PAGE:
The Fourth of July is more than just fireworks, barbecues and a day off work — it’s a celebration of America’s heritage. On July 4, 1776, the United States announced its independence from Great Britain with the Declaration of Independence.
The Fourth of July is more than just fireworks, barbecues and a day off work — it’s a celebration of America’s heritage.
On July 4, 1776, the United States announced its independence from Great Britain with the Declaration of Independence.
But most Americans aren’t aware of the history of the holiday, or the history of the country, says John McManus, creator of the American history DVD “Overview of America” and president of the John Birch Society, the conservative constitutionalist group.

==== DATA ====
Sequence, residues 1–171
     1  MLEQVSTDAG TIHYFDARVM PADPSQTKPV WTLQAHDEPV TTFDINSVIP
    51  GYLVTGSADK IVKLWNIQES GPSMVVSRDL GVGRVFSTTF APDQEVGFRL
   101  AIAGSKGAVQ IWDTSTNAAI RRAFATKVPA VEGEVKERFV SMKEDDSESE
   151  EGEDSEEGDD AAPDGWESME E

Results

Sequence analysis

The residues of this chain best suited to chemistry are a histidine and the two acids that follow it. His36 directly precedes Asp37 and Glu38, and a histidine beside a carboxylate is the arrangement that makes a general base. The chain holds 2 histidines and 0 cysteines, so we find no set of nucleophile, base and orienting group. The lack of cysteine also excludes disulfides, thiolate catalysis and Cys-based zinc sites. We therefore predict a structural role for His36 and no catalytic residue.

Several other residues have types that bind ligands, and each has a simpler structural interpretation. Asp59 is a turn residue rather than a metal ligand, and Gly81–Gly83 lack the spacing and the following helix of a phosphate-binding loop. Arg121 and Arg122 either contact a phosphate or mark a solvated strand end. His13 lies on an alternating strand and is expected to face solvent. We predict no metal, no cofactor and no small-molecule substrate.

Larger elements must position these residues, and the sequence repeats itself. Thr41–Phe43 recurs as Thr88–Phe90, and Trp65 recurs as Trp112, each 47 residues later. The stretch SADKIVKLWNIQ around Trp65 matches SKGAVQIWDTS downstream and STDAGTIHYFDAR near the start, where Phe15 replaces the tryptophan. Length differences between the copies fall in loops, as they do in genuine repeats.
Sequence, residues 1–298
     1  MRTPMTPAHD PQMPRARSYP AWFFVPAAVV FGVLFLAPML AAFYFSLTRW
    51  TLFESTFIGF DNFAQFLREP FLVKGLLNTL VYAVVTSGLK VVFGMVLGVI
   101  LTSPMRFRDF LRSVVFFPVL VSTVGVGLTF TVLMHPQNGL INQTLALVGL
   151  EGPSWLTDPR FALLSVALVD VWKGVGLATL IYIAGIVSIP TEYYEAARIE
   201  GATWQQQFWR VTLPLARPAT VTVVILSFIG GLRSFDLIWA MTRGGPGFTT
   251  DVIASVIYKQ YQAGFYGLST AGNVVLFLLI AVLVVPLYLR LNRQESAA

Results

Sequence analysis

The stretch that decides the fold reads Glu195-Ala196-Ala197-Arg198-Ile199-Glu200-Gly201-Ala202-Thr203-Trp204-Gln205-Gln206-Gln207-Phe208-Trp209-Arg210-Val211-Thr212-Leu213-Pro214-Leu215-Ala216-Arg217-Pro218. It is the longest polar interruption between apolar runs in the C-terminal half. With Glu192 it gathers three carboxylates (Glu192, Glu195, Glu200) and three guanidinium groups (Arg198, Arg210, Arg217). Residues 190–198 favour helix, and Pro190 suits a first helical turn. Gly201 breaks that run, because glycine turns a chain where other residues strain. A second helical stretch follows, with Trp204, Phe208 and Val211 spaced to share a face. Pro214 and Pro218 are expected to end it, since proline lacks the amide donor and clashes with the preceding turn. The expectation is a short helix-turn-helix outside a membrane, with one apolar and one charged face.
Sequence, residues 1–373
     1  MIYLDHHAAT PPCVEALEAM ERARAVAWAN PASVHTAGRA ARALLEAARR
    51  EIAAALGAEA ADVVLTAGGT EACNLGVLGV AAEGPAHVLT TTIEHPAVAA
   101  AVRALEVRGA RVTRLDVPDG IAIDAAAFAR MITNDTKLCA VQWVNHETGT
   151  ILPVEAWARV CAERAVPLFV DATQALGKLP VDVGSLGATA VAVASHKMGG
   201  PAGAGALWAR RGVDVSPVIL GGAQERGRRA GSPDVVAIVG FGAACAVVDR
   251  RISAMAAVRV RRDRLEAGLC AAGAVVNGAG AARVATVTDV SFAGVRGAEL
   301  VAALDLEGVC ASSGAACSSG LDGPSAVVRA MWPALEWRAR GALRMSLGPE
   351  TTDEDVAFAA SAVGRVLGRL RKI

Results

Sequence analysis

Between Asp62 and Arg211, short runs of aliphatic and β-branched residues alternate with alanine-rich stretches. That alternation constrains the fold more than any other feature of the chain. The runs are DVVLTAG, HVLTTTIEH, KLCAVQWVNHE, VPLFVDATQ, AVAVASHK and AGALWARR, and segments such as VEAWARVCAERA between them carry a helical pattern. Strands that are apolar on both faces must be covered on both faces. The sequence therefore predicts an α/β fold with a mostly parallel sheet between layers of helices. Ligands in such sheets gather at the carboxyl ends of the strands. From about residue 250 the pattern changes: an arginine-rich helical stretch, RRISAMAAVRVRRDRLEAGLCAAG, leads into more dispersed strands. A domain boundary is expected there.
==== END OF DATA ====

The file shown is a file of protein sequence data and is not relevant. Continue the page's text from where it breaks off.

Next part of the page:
And people typically know even less about their state history, says Marshall Trimble, Arizona’s official state historian.
“It’s mostly because we have so many people moving here all the time,” he says. “It’s unfortunate, because we have such an interesting and colorful history.”
How informed are you? Test your knowledge of American and Arizona history.
1. What was the first city or town to officially designate July 4 as a holiday?
2. Who wrote the Pledge of Allegiance?
3. “E Pluribus Unum” was one of the first mottos adopted by the United States government. It appears on the Great Seal of the United States as well as most U.S. currency. What does it mean?
4. How many representatives are there in Congress? How many does Arizona have?
5. Arizona leads the nation in production of what mineral?
6. Why is the White House painted white?
7. Who was the youngest president?
8. Who was Arizona’s first cowboy movie star?
9. What are the official state colors of Arizona?
10. Arizona was the 48th and last of the contiguous states admitted to the Union. On what date?